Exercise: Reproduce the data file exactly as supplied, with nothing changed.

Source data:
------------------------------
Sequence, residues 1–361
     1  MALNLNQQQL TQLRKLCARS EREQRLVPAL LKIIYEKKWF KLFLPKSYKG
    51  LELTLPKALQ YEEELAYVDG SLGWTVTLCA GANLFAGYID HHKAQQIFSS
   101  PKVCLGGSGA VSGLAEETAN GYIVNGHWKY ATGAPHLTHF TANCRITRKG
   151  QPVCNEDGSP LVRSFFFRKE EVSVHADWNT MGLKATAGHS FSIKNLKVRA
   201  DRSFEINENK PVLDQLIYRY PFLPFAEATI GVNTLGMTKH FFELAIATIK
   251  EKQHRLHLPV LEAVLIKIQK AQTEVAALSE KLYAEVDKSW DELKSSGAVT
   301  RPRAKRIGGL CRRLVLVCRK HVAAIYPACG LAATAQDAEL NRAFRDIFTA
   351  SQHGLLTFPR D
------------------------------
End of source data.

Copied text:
Sequence, residues 1–361
     1  MALNLNQQQL TQLRKLCARS EREQRLVPAL LKIIYEKKWF KLFLPKSYKG
    51  LELTLPKALQ YEEELAYVDG SLGWTVTLCA GANLFAGYID HHKAQQIFSS
   101  PKVCLGGSGA VSGLAEETAN GYIVNGHWKY ATGAPHLTHF TANCRITRKG
   151  QPVCNEDGSP LVRSFFFRKE EVSVHADWNT MGLKATAGHS FSIKNLKVRA
   201  DRSFEINENK PVLDQLIYRY PFLPFAEATI GVNTLGMTKH FFELAIATIK
   251  EKQHRLHLPV LEAVLIKIQK AQTEVAALSE KLYAEVDKSW DELKSSGAVT
   301  RPRAKRIGGL CRRLVLVCRK HVAAIYPACG LAATAQDAEL NRAFRDIFTA
   351  SQHGLLTFPR D